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Non-completion and informed consent
  1. Alan Wertheimer
  1. Correspondence to Dr Alan Wertheimer, Department of Bioethics, Clinical Center, National Institutes of Health, Bethesda, MD 02892, USA; wertheimera{at}cc.nih.gov

Abstract

There is a good deal of biomedical research that does not produce scientifically useful data because it fails to recruit a sufficient number of subjects. This fact is typically not disclosed to prospective subjects. In general, the guidance about consent concerns the information required to make intelligent self-interested decisions and ignores some of the information required for intelligent altruistic decisions. Bioethics has worried about the ‘therapeutic misconception’, but has ignored the ‘completion misconception’. This article argues that, other things being equal, prospective subjects should be informed about the possibility of non-completion as part of the standard consent process if (1) it is or should be anticipatable that there is a non-trivial possibility of non-completion and (2) that information is likely to be relevant to a prospective subject's decision to consent. The article then considers several objections to the argument, including the objection that disclosing non-completion information would make recruitment even more difficult.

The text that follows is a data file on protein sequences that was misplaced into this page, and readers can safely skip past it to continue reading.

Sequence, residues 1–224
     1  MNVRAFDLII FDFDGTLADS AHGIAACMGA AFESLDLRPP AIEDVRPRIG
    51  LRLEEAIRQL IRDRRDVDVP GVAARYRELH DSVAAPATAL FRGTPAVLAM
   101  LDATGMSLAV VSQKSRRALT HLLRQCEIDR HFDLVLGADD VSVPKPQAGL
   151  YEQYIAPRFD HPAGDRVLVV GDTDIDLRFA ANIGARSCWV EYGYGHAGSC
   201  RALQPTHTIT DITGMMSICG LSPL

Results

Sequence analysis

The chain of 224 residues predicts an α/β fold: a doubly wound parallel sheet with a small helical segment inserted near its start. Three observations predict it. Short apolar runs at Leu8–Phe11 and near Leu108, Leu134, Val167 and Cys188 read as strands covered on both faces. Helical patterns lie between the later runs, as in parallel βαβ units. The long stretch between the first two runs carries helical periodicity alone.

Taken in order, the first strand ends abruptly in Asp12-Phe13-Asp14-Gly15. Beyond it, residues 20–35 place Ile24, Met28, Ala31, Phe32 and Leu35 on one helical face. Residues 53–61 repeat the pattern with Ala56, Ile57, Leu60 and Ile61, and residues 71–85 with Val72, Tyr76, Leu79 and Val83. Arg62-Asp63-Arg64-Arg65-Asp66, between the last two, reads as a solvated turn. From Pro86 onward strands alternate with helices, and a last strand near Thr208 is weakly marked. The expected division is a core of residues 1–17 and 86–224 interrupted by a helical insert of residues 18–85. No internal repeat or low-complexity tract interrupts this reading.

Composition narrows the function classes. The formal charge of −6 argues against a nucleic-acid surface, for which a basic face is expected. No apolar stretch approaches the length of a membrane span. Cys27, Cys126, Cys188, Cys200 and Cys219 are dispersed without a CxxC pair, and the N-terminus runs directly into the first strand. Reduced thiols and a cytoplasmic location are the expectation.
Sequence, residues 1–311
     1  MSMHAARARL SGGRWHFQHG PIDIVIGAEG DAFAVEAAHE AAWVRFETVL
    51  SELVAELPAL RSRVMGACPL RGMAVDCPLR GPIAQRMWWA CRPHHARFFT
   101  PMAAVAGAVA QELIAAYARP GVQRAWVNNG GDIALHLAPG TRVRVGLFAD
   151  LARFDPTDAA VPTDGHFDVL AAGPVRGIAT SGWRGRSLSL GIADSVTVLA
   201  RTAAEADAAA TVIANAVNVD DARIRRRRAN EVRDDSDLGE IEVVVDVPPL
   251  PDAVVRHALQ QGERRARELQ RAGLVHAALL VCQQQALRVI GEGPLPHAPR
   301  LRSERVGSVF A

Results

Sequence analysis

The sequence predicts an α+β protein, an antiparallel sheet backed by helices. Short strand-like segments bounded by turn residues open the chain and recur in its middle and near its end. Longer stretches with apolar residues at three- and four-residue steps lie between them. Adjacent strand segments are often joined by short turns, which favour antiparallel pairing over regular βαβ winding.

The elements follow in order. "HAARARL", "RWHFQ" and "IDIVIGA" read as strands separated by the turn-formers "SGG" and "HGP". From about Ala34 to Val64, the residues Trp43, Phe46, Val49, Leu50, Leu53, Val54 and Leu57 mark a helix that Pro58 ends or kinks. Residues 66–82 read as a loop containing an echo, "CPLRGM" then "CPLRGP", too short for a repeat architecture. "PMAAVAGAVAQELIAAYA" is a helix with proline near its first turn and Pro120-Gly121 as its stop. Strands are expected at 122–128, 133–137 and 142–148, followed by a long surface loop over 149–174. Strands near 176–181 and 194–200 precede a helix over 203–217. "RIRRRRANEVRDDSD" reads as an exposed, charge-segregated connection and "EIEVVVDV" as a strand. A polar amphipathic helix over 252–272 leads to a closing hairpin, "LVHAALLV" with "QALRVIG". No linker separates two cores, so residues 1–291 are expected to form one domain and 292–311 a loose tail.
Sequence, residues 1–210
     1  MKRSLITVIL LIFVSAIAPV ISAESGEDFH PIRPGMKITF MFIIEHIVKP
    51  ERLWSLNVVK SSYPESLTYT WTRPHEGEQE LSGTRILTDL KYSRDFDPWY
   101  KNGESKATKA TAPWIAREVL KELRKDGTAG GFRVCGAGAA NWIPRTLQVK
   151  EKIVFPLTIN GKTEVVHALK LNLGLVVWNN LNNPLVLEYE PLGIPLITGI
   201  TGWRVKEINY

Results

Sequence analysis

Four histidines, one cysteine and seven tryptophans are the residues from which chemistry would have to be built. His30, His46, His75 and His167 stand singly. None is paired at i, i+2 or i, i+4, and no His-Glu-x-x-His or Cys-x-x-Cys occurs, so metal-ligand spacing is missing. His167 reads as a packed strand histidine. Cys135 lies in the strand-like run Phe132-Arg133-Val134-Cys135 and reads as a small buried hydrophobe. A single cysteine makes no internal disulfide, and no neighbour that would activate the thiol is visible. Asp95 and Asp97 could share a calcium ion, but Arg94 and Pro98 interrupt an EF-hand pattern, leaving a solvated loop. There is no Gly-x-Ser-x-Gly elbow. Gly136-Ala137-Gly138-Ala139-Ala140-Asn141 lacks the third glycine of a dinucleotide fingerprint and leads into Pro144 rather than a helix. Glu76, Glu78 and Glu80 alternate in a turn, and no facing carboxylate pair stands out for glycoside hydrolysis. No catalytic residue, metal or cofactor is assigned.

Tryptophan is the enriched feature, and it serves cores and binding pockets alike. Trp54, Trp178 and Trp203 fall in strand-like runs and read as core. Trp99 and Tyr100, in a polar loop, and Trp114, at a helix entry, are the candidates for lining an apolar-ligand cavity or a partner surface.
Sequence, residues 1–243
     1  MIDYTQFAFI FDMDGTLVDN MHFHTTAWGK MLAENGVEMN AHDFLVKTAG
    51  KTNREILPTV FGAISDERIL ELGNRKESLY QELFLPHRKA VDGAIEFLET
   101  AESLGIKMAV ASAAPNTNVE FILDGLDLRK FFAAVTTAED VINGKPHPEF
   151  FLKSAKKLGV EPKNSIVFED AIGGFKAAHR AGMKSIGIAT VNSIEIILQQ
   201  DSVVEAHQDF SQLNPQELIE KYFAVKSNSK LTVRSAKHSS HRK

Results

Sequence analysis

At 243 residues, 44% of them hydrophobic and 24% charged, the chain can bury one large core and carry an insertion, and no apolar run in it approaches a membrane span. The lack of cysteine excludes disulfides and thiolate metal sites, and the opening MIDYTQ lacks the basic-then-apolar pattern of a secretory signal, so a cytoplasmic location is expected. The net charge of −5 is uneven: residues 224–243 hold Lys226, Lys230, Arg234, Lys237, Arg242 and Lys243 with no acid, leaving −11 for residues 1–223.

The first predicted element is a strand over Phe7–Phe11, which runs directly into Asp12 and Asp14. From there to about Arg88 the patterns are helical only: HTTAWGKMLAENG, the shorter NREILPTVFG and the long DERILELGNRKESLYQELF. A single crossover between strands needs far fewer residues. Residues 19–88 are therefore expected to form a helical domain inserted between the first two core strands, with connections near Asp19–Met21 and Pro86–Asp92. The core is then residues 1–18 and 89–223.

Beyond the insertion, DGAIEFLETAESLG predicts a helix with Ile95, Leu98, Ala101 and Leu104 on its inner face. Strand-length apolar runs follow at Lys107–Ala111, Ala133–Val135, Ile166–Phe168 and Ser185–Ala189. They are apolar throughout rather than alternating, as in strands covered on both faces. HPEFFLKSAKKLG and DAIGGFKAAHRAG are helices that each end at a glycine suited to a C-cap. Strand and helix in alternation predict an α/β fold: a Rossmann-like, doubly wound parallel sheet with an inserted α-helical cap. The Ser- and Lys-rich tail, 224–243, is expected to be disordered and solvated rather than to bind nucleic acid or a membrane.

• Informed Consent
  • Research Ethics
  • Clinical Ethics

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